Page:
Potassium (K)

CPT Code: 



Serum or heparinized plasma 


1 mL 

Minimum Volume: 

0.5 mL 


Red-top tube, gel-barrier tube, or green-top (heparin) tube


Ion-selective electrode (ISE)


Serum is obtained by collecting blood in an untreated blood collection tube.  The sample should stand for 30 minutes to allow the clot to form prior to centrifugation.

Specimen tubes should be centrifuged unopened and the serum or plasma should be separated within one hour after venipuncture, as prolonged contact with red cells will cause elevated K+ results.

Sera or plasma separated from cells that are stored for several hours prior to analysis should be inspected for delayed fibrin clot formation.  If delayed clot formation is detected or suspected, the sample should be centrifuged before analysis.

Whole blood specimens cannot be analyzed.

HEMOLYZED SAMPLES MAY GIVE INCORRECT ELEVATED POTASSIUM RESULTS.  Intracellular potassium concentration is 30-50 fold greater than that of extracellular serum or plasma.

Reference Range:

3.5-5.1 mmol/L


Temperatures  Period 
Room Temperature  1 week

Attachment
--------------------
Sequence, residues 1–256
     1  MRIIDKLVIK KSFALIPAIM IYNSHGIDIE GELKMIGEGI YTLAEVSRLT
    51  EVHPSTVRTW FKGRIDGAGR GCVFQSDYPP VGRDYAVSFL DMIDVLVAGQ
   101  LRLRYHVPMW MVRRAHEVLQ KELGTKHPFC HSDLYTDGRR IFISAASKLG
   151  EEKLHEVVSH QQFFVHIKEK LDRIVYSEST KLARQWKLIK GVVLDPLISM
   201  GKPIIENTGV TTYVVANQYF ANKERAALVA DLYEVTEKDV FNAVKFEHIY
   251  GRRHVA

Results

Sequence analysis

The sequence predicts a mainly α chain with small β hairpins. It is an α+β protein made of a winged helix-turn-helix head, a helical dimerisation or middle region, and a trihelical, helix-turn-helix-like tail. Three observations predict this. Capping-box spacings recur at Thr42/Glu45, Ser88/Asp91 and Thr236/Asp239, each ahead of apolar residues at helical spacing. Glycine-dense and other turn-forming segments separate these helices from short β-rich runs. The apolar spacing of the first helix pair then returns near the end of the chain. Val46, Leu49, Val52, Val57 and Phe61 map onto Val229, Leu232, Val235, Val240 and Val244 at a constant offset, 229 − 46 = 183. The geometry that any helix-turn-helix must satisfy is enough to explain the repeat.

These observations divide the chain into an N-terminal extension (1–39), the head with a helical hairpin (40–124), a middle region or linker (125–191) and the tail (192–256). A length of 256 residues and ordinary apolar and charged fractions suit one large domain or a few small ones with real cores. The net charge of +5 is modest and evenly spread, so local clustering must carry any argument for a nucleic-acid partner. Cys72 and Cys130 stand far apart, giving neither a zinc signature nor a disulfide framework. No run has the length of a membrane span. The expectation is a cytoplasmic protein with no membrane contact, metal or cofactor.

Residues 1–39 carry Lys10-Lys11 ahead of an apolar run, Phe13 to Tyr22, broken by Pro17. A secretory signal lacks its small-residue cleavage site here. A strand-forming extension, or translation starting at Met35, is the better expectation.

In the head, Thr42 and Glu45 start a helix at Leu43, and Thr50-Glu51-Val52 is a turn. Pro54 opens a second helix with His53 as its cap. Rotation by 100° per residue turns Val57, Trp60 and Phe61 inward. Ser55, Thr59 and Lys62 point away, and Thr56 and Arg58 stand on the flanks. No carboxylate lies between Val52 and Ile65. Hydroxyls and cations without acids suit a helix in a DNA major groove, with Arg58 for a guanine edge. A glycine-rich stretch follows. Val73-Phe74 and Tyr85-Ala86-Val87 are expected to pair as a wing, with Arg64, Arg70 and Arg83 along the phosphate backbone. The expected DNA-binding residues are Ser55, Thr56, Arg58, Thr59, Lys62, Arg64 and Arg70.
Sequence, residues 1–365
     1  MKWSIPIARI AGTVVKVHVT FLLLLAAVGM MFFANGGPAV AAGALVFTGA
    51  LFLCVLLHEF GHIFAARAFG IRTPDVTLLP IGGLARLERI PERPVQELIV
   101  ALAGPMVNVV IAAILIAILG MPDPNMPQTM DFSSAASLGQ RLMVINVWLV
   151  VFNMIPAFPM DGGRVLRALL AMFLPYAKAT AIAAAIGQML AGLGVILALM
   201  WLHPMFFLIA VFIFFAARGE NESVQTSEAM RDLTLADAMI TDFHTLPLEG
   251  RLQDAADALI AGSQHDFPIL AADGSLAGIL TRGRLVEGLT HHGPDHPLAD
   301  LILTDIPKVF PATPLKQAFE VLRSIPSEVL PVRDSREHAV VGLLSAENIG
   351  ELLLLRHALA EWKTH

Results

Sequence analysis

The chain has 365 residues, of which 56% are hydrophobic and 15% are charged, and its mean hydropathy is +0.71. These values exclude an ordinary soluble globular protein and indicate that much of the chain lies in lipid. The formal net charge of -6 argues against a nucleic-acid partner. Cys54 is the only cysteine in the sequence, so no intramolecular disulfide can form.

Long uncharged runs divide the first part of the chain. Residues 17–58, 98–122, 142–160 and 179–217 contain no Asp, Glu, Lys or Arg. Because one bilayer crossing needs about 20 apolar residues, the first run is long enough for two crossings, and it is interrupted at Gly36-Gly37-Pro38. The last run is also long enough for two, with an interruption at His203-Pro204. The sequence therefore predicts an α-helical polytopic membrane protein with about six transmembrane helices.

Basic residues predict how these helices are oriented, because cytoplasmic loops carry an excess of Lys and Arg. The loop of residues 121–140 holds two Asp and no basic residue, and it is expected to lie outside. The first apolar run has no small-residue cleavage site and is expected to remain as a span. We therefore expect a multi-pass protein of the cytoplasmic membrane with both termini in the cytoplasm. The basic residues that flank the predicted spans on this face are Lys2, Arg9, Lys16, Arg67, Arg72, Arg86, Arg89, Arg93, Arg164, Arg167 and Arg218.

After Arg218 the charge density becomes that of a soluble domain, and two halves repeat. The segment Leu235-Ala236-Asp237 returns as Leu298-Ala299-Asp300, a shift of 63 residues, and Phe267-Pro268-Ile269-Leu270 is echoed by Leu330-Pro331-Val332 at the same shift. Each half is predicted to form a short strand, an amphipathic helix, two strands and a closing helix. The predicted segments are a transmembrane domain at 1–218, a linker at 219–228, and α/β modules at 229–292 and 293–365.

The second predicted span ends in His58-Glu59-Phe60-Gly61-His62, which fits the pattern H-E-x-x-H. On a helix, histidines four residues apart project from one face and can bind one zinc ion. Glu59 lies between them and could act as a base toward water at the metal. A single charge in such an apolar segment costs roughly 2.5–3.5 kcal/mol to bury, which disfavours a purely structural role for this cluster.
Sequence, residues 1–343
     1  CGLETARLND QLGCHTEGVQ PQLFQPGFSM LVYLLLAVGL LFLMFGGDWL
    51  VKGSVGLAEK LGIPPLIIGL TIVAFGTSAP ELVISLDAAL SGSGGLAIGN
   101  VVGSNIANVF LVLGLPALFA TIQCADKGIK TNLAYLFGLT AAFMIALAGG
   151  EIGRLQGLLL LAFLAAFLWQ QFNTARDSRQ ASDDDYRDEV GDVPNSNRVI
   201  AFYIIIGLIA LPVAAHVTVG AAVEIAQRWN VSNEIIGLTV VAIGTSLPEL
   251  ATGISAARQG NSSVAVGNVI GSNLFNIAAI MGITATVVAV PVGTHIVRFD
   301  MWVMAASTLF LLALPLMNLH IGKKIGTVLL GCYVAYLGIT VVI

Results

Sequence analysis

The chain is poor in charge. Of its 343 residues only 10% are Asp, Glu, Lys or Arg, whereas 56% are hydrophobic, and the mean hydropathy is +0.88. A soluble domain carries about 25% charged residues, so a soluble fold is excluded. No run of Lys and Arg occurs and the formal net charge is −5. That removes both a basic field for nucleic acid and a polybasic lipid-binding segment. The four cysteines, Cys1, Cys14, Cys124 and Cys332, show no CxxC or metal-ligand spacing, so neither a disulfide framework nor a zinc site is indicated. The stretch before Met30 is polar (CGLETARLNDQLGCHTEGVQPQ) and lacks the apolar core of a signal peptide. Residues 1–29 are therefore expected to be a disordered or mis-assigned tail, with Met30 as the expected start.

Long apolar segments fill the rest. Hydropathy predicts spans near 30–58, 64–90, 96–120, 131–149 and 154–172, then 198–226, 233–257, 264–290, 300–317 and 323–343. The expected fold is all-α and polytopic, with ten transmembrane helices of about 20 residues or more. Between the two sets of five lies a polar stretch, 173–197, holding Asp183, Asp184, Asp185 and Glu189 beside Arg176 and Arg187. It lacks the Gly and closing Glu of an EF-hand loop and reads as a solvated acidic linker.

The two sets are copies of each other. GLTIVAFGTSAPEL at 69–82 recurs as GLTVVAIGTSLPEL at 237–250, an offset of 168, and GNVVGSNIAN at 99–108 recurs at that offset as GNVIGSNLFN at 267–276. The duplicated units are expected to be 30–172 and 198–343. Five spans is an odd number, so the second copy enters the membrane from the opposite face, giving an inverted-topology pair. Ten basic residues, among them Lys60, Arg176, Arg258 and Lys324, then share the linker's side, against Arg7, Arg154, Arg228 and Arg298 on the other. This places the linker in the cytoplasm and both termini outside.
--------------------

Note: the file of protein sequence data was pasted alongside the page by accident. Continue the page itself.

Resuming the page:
Refrigerated (2-8 ⁰C)  1 week 



Potassium is one of the major electrolytes found primarily inside of cells. It plays a significant role in maintaining water balance inside the cells, and in functions of nervous tissue and heart and muscle contraction. 

Potassium levels are used to evaluate electrolyte balance; followed patients on diuretic therapy and with renal diseases, particularly salt-losing nephropathy; evaluate patients being treated for acidosis; prevent cardiac arrhythmias; evaluate alcoholism with delirium tremens; evaluate and treat ketoacidosis in diabetes mellitus; evaluate acid-base balance, water balance; manage intravenous therapy; evaluate anion gap; evaluate muscular weakness, leukemia, diseases of the gastrointestinal tract including laxative abuse, large villous adenomas, emesis, fistulas and tube drainage; detect, diagnose, and manage mineral corticoid excess (primary aldosteronism, Cushing syndrome, tumor with ectopic ACTH production, some cases of congenital adrenal hyperplasia); licorice ingestion.

Clinical Significance: 

Pottasium is increased in oliguria, anuria, urinary obstruction, renal failure due to shock (decreased removal of potassium), and renal tubular acidosis.

Potassium is decreased in three ways: • Inadequate intake • Excessive loss due to diarrhea or vomiting or decreased reabsorption due to increased secretion of mineralocorticosteroids • Movement into the cell as occurs with conditions causing alkalosis


Causes for Rejection: 

Hemolysis; improper labeling 

Interfering Substances:  Samples exposed to Benzalkonium salts present in certain blood catheter devices will cause falsely elevated potassium measurements.

Citrate at a test concentration of 52.9 mmol/L decreases potassium by 0.6 mmol/L.